CAN I SUE A SHOPPING CENTRE IF I SLIP AND FALL?

By law, owners of businesses or property are required to take reasonable steps to ensure the safety of the general public. At minimum, owners or managers are required to warn the public of any potential dangers they have caused, are aware of or believe could occur.

So if a shopping centre has not met these requirements and you’re injured on their property as a result, you may have a valid claim. These are a few examples of the requirements shopping centres should have in place:

  1. demarcate dangerous areas;
  2. remove obstructions from walkways;
  3. light an area adequately;
  4. repair holes and cracks in the pavement; and
  5. put up railings or barriers.

Would my claim be valid?

The law does not require individuals to watch their every step. It is reasonable to assume that people look around them as they browse grocery shelves at the shops. A successful slip and fall claim is mainly dependent on proving that the injured person was less negligent than the owner of the premises where they were injured.

Ask yourself the following questions:

  1. Would a reasonable person, such as a property owner, foresee the reasonable possibility that his management or administration may injure another person, causing them to slip and fall?
  2. Could the property owner have done something to prevent the accident that resulted in the claim. For instance, could the occurrence of a slippery floor have been prevented and could it have been mopped up before someone climbed the stairs?
  3. Did the owner take steps to prevent the accident?

Details to collect if you want to make a claim

  1. The details (name, contact number and address) of the person in charge of the premises.
  2. Take photographs of the area where you were injured.
  3. You must contact the legal representatives of the business.
  4. You must get the relevant medical documents as well as the invoices detailing the procedures.

Reference

This article is a general information sheet and should not be used or relied on as legal or other professional advice. No liability can be accepted for any errors or omissions nor for any loss or damage arising from reliance upon any information herein. Always contact your legal adviser for specific and detailed advice. Errors and omissions excepted (E&OE)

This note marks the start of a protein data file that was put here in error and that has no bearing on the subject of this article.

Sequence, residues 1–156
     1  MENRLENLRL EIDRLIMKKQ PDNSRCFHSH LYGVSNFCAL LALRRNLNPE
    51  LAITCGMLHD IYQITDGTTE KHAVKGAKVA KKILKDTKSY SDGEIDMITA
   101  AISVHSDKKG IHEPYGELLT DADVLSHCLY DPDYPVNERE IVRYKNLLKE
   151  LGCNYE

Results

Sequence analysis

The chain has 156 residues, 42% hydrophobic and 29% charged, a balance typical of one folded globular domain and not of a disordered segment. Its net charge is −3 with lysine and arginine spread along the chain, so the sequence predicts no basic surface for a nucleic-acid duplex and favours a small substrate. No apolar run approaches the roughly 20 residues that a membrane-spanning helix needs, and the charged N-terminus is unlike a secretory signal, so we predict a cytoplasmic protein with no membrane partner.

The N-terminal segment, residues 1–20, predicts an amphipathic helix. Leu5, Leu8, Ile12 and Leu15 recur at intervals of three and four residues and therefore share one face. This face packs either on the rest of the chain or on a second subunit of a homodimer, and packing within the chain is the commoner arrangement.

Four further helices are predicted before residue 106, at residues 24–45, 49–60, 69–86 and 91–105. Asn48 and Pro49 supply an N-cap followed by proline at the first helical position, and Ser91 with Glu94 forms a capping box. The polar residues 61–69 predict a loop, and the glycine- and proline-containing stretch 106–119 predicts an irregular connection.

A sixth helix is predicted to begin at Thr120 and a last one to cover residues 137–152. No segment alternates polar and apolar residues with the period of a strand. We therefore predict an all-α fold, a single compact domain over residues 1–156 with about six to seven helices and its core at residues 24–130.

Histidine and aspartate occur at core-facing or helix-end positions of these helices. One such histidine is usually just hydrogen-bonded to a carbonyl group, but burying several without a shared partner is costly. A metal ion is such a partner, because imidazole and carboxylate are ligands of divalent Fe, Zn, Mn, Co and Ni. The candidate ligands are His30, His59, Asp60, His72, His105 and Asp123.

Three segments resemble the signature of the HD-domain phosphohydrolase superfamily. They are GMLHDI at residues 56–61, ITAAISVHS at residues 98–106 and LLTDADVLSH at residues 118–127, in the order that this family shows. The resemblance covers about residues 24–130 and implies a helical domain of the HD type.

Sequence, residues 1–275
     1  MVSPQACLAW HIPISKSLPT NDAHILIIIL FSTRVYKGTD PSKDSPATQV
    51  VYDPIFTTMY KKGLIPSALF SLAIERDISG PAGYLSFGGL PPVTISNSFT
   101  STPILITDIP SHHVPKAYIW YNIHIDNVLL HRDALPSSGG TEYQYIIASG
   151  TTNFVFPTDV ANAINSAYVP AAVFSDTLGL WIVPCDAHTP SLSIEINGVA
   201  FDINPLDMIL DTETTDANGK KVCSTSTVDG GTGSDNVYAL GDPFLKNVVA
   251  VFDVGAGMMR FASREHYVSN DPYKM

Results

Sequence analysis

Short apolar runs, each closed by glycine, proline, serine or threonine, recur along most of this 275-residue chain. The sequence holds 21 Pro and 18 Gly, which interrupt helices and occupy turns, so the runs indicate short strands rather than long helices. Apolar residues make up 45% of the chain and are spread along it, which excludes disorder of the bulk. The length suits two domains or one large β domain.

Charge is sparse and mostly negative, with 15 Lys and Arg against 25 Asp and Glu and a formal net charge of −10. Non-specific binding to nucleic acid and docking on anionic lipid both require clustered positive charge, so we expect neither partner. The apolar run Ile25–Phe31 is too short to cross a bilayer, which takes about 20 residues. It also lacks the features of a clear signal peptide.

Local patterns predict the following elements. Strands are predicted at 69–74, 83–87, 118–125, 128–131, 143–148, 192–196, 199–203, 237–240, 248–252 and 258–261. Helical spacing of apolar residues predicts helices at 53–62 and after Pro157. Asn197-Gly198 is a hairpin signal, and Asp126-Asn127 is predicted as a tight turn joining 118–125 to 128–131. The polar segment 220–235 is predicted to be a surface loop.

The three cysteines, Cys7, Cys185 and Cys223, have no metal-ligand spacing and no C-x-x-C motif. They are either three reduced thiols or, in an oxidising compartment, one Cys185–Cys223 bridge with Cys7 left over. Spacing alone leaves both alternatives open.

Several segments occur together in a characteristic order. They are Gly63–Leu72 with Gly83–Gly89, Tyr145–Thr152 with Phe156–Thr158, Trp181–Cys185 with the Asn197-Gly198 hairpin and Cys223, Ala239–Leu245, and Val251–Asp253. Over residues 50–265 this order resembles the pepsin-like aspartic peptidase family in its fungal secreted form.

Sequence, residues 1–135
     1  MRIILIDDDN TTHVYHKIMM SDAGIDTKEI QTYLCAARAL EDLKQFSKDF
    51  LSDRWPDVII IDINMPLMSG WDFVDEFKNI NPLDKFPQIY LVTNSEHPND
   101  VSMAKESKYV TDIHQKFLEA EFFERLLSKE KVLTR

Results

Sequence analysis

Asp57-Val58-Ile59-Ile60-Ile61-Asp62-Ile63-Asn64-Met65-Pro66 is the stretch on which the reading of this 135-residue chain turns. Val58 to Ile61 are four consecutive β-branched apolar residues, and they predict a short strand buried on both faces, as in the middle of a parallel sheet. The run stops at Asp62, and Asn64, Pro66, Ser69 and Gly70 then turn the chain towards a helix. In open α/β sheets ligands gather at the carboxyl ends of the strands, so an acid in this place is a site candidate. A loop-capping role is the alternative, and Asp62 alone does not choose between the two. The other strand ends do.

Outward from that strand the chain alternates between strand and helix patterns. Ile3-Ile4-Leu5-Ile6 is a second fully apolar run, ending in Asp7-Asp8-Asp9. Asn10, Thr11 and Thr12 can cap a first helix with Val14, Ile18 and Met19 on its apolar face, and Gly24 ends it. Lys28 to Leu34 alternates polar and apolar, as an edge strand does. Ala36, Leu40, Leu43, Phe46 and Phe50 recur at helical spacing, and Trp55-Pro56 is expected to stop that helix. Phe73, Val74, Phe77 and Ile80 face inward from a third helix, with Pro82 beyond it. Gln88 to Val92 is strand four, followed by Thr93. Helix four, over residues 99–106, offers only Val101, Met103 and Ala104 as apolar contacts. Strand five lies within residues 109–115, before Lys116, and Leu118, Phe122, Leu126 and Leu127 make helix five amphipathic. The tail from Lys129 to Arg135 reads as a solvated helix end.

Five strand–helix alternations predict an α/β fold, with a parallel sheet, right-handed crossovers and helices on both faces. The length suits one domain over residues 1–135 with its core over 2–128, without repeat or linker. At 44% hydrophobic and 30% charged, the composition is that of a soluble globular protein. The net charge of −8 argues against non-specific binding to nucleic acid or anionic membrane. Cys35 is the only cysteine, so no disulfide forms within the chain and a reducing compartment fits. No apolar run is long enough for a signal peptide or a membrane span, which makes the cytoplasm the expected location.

NEW TRAFFIC RULES APPROACHING

Up until this point, many people have not paid attention to the traffic rules, or simply not cared. That is about to change with new, stricter traffic regulations being introduced onto South Africans roads in the coming months. This is particularly important for those who take speed limits for granted.

What are the new rules?

The new regulations from the Department of Transport are expected to be implemented from 11 May, 2017.

These new regulations include:

  1. Drivers will have to undergo a practical re-evaluation when renewing a licence;
  2. A complete review and revamp of the current K53 test;
  3. Speed limits to be reduced from 60km/h to 40km/h in urban areas, from 100 to 80km/h in rural areas and from 120 to 100km/h on freeways running through a residential area; and
  4. Goods vehicles above 9,000kg GVM to be banned from public roads during peak travelling times.

A long overdue K53 revamp

Apart from the new road rules, the K53 learner’s manual will be getting a review to cater for the developments in cars and road users.

  1. The review would include updates and improvements suggested by examiners, the driving school industry, and the general public.